The “I Hate Numbers” podcast explores the accounting matching concept, also known as accrual accounting, in finance and accounting. In this episode, we explore what the matching concept is, how it applies, and why it’s essential. We also explore its impact on financial statements, providing practical examples for clarity.

What Is the Matching Concept?

The matching concept ensures that expenses recorded in the same period as the revenues they help generate, offering a clearer picture of financial performance. Various sectors, including non-profits and private companies, use it. Essentially, the matching concept helps understand a business’s true financial state over a specific period.

Why Do We Use it?

Accurate Financial Reporting:
We use the matching concept to produce financial statements that reflect true business performance. Accordingly, matching expenses with revenues provides a more accurate financial picture.

Equally important, the matching concept promotes consistent financial reporting. By applying the same rules consistently, businesses can compare their performance over different periods more effectively.

Decision Making:
With accurate financial information, businesses can make informed decisions. Additionally, matching expenses with revenues allows us to assess profitability and make better decisions.

Compliance and Regulation:
Lastly, accounting standards such as GAAP and IFRS require the use of the matching concept. Businesses must follow these guidelines to ensure their financial statements comply with regulations.


Applying the Concept

Revenue Recognition:
We record revenue when we earn it, not when we receive the cash. For example, if we provide a service in December and receive payment in January, we record the revenue in December

Expense Recognition:
Expenses are recorded when incurred. Suppose we receive a utility bill in January for December’s consumption. We record the expense in December, when the obligation arose.


Examples of the Matching Concept

Wages and Salaries:
We pay employees in January for December’s work. However, we record the expense in December.

Advertising Costs:
Suppose we run an advertising campaign in November and receive the bill in December, paying it in January. Thus, the expense is recorded in November.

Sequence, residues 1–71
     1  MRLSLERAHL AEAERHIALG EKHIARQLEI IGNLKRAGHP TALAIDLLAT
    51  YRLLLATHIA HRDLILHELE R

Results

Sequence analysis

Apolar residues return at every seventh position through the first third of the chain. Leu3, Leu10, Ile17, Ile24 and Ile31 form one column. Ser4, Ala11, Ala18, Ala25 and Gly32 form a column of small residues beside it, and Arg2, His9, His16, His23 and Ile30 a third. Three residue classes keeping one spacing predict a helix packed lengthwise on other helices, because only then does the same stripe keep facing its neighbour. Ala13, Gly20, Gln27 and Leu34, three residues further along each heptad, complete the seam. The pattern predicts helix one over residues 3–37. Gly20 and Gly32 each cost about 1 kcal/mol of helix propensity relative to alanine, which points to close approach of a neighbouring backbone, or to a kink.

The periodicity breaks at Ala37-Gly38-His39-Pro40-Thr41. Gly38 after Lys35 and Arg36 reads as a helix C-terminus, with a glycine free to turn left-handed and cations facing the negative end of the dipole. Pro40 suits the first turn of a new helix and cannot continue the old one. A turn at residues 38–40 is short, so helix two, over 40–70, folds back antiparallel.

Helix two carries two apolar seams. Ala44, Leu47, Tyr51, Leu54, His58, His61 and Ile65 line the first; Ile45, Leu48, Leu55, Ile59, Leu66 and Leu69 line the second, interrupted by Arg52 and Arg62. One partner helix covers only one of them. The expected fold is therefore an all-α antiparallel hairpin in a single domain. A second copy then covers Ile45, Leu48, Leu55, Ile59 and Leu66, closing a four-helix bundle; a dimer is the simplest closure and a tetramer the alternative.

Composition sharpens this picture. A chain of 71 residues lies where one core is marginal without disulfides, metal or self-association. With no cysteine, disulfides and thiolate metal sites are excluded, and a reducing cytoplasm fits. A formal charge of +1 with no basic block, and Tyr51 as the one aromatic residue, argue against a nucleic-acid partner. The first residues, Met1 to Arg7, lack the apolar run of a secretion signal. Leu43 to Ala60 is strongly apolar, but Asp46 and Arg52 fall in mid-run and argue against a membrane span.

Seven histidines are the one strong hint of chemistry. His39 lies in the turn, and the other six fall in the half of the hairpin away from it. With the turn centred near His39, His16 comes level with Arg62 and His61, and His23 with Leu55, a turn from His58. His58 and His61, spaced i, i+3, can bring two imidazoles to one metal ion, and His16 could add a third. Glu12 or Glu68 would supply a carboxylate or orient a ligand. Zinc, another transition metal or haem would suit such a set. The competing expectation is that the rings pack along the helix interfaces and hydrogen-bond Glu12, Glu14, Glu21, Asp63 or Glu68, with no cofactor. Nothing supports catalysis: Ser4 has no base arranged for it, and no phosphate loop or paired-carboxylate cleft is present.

Sales Commissions:
If a sales commission is earned in March but paid in April, we record it as a March expense.

Impact on Financial Statements

Income Statement:
The income statement shows revenues and expenses over a period. Hence, matching expenses with revenues provides an accurate picture of profitability.

Balance Sheet:
The balance sheet shows assets and liabilities. Correspondingly,  this is where accrued expenses and prepayments are reflected.

Cash Flow Statement:
The cash flow statement reconciles the difference between profit and cash flow. Though the matching concept does not directly impact cash flow, it helps explain discrepancies between profit and cash flow.

Altogether, the matching concept is crucial for accurate and consistent financial reporting. It allows us to track financial performance, comply with standards, and make informed decisions.

Listen to the “I Hate Numbers” podcast for more insights into accounting principles like the matching concept and how they can help manage and grow your business effectively. Additionally, don’t forget to check out the upcoming launch of the Numbers Know How business community, supported by I Hate Numbers. This community will offer valuable resources and support for your business. Listen to the I Hate Numbers podcast for more tips and insights to help you stay motivated and succeed in your business.